This meeting between Putin and Kim has been in the works for a while but rumors of it only surfaced last week. But don’t let the idea that this was put together at the last minute fool you.

It wasn’t.

The future of Korea could be decided by these two men today.

I know that sounds bold. But hear me out.

And while no one seems to think this meeting is important or that anything of substance will come from it I do. It is exactly the kind of surprise that Putin loves to spring on the world without notice and by doing so change the board state of geopolitics.

  • Russia’s entrance into Syria in 2015, two days after Putin’s historic speech at the U.N. General Assembly
  • 2018’s State of the Union address where he announced hypersonic missiles, embarrassing the U.S. Militiary-Industrial Complex which accelerated the Bolton Doctrine of subjugating the world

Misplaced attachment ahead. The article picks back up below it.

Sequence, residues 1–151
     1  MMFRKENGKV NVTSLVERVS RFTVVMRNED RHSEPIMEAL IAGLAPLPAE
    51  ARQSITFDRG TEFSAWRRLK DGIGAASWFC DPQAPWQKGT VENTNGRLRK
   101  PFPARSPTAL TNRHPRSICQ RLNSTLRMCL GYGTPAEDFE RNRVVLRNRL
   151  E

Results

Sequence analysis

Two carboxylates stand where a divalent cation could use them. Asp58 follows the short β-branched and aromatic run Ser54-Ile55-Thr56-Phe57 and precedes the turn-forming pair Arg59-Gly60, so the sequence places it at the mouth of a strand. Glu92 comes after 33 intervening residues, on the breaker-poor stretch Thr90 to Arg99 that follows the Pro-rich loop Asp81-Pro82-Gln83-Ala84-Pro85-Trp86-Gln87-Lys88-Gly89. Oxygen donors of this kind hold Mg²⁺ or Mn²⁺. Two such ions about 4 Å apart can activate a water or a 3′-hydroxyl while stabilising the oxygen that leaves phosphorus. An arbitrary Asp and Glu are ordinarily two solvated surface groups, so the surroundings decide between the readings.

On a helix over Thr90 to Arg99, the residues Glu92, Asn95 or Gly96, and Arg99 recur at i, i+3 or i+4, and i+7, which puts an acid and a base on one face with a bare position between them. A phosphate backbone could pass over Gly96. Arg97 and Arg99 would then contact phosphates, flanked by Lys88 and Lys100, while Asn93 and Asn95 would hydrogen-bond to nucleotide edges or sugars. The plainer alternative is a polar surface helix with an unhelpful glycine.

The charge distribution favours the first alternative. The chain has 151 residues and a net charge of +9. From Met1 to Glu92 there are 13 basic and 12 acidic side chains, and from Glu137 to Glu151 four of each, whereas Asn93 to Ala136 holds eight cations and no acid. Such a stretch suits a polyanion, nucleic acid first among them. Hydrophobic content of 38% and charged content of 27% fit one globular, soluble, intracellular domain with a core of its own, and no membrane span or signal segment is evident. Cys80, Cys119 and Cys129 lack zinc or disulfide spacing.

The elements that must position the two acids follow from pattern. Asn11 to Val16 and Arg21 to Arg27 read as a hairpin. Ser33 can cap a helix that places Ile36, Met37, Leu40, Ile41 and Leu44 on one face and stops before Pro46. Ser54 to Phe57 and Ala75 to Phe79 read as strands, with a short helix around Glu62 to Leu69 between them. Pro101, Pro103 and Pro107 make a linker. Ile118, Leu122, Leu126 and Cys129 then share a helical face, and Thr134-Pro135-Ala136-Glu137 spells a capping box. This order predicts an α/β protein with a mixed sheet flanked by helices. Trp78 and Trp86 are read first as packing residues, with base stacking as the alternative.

• Flying 2 TU-160 nuclear-armed bombers to Venezuela, creating panic in D.C. leading to the ham-fisted regime change operations there.
  • Nationalization of Yukos.
  • The operation to secure Crimea from U.S. invasion by marines aboard the U.S.S Donald Cook during the Ukrainian uprising against Viktor Yanukovich.

Both Putin and Chinese Premier Xi Jinping are angry at the breakdown of the talks in Hanoi back in February. It was clear that everyone expected that meeting to be a rubber stamp on a deal already agreed to by all parties involved.

In fact the two meetings between Kim and Trump were only possible because Trump convinced them of his sincerity to resolve the ‘denuclearization’ of North Korea which would clear a path to rapid reunification.

It’s why they went along with the U.S.’s increased sanctions on North Korea as administered through the U.N. in 2017.